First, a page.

The already massive professional and business services sector will more than double to over 3.1 million jobs. The forecast highlights the ongoing shift away from industries that make things and toward service providers, including professionals in science and technology.

The trend also shows up in the steadily declining number of jobs in manufacturing, a sector already dinged by automation and foreign competition. Snaith predicts the number of manufacturing jobs will tick up slightly in the next few years and then decline through 2047.

"Some of the recent policies of the Trump administration with regards to trade have given a boost to manufacturing," Snaith said. "But those won’t be enough to turn the longer term trends."

In 2047, tourism and its offshoots will still dominate, Snaith said. Other sectors will keep growing, which will continue to help diversify the state’s economy. But that progress could get obscured as tourism expands just as quickly.

"Things like retail and tourism are not going to suddenly shrivel up. They are the backbone of the economy," he said. "I have described tourism as the 600-pound gorilla of Florida’s economy that has become a 700-pound gorilla in the past seven or eight years."

Where will all these new people come from? Florida remains attractive to businesses and workers fleeing states with fewer prospects. Retiring baby boomers will continue to flood in. The state also benefits from its share of foreign immigration and a birth rate that exceeds its death rate.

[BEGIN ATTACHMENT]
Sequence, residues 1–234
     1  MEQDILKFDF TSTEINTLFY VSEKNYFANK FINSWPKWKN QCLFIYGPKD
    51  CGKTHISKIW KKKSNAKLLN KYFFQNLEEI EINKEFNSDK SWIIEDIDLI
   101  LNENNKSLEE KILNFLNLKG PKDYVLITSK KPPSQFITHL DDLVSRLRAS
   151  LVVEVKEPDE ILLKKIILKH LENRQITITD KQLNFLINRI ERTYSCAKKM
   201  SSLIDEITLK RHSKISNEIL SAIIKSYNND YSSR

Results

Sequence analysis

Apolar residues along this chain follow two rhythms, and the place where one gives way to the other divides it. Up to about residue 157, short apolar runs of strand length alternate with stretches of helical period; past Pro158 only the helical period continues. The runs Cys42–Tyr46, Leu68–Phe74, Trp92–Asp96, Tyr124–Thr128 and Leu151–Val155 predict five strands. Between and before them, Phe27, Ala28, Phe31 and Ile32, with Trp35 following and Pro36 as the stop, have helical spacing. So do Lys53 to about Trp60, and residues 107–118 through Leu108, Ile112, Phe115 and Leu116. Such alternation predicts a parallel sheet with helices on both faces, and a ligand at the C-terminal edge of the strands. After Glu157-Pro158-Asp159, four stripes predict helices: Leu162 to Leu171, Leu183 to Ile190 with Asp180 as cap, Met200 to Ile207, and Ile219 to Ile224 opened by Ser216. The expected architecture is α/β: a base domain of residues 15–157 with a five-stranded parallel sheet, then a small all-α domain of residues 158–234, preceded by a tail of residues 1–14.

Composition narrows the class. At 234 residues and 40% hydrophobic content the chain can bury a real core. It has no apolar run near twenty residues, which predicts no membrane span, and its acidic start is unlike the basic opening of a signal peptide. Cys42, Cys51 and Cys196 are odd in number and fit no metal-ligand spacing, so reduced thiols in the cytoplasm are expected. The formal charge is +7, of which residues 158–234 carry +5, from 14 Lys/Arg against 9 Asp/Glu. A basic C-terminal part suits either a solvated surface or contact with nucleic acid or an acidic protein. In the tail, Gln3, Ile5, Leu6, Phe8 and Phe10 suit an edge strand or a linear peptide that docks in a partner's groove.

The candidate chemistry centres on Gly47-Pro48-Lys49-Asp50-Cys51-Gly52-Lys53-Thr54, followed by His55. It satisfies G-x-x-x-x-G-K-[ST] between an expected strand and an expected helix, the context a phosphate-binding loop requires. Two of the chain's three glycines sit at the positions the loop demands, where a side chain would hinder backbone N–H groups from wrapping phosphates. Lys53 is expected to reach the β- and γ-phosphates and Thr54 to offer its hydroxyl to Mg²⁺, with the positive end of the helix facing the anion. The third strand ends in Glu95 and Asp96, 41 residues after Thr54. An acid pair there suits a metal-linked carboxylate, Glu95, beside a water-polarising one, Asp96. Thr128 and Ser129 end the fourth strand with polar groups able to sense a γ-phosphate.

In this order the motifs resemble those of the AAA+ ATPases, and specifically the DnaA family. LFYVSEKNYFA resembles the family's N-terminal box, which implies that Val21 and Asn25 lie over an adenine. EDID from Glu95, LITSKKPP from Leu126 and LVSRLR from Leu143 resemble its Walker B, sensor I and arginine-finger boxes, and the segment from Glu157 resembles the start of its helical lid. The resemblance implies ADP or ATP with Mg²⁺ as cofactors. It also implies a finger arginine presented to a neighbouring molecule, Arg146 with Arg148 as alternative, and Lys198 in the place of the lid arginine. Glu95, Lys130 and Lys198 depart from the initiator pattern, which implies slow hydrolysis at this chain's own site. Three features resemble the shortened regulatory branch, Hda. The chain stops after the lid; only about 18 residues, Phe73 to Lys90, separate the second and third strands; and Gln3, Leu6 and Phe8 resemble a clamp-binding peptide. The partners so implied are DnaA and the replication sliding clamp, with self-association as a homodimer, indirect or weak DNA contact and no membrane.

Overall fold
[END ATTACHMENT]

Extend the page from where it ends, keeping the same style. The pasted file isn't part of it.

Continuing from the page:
RELATED: More business news

The influx will come with growing pains — economic, political and environmental. But whether or not you like the idea of more people, the spigot cannot easily be shut off or even slowed. And Tampa Bay should expect a bigger share of the next wave.

The already densely populated Miami-Fort Lauderdale area is getting hemmed in by geography, much more so than the Interstate 4 corridor, Snaith said. The result will be relatively high economic growth for our area, including overall employment and per-capita income, compared to the state’s other metro areas.

"The I-4 corridor is really the bread basket for Florida in terms of growth rates going forward," Snaith said. "When you look at Tampa to Orlando, and all the way to Daytona Beach, there is a lot of room to grow in all directions in terms of physical space."